The proposed changes follow a raft of property funds suspending new investments and withdrawals in 2016 as the property sector hit a wobbly patch following the Brexit vote.
The suspension of many property funds caused chaos for investors when they could not access their money. Most funds lifted the suspensions after a few months.
The FCA says: “Open-ended funds that invest in illiquid assets can encounter difficulties if significant numbers of investors simultaneously try to withdraw their money at short notice. An example of this occurred following the result of the UK referendum on EU membership in June 2016.
The FCA says it was pleased the suspensions were lifted after a while but improvements could be made to the whole process. These improvements would be in liquidity management tools, contingency planning, oversight arrangements and disclosure to retail clients.
Feedback to an FCA Discussion Paper and further supervisory work confirmed that a “major overhaul” of the regulatory framework in this area was not needed but “improvements…could be made.”
The FCA is consulting on a package that will require:
•Funds to suspend trading when the independent valuer expresses uncertainty about the value of ‘immovables’, such as commercial property, that account for a significant part of the fund’s assets.
•Managers of funds investing mostly in inherently illiquid assets to produce contingency plans in case of a liquidity risk crystallising.
•Depositaries to oversee the liquidity management process in these funds.
•More information to be disclosed about the liquidity risks in these funds and what impact they may have on investors.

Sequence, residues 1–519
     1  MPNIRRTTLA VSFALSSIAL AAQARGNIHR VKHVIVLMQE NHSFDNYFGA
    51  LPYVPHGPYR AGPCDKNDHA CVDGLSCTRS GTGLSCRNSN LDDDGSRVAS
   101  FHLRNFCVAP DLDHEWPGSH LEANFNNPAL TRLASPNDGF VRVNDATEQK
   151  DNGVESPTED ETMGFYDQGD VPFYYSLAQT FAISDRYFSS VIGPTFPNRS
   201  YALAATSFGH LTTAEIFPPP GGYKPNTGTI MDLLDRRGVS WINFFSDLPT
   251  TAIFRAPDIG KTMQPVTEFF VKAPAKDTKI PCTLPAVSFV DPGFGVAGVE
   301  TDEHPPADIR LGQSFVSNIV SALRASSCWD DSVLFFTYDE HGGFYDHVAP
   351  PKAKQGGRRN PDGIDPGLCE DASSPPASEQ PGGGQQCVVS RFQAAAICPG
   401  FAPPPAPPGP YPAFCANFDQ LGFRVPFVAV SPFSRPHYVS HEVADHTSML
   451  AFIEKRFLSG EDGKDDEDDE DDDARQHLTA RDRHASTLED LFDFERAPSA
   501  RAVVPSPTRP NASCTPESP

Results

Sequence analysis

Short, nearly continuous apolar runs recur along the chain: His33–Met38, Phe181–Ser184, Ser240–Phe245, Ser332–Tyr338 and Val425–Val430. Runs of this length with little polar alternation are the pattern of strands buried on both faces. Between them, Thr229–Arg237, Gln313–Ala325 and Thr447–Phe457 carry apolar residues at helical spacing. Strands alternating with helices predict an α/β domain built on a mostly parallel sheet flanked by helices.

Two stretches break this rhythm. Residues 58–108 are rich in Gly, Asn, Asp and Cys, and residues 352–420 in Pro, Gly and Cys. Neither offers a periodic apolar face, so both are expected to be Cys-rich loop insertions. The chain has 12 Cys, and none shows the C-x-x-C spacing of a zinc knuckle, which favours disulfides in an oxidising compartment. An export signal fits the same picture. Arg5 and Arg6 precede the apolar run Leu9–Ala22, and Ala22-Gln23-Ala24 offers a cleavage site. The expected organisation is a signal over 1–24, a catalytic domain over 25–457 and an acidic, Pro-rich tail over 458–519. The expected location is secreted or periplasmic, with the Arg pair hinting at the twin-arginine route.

Christopher Woolard, executive director of Strategy & Competition at the FCA, said: “As well as better protecting consumers, these changes should help to protect and enhance the integrity of the UK financial system.
“They will increase investors’ understanding of, and confidence in, how funds holding illiquid assets are managed. We expect these changes to result in fewer runs on funds holding illiquid assets, and to reduce complaints from retail investors about perceived unfair treatment when they exit such funds.”
The FCA will consider feedback and publish a Policy Statement with final rules and guidance next year. The consultation remains open to responses until 31 January.
Reaction to the proposals has been mixed.
Ryan Hughes, head of active portfolios at AJ Bell, said: “The proposals from the FCA will mean that property funds are likely to suspend trading sooner and potentially more frequently than they have in the past.
“The proposed new rules from the regulator suggest a fund should suspend when a valuer has uncertainty about the price of 20% of the fund’s assets. This means that when there is even a small amount of uncertainty in the market affecting the value of property and infrastructure, funds will be forced to suspend.”
However, he added this would not “necessarily (be) a bad thing” as it would make it fairer to all investors by reducing the ‘first mover advantage’, where investors quickest to cash in their investments were better off than other investors.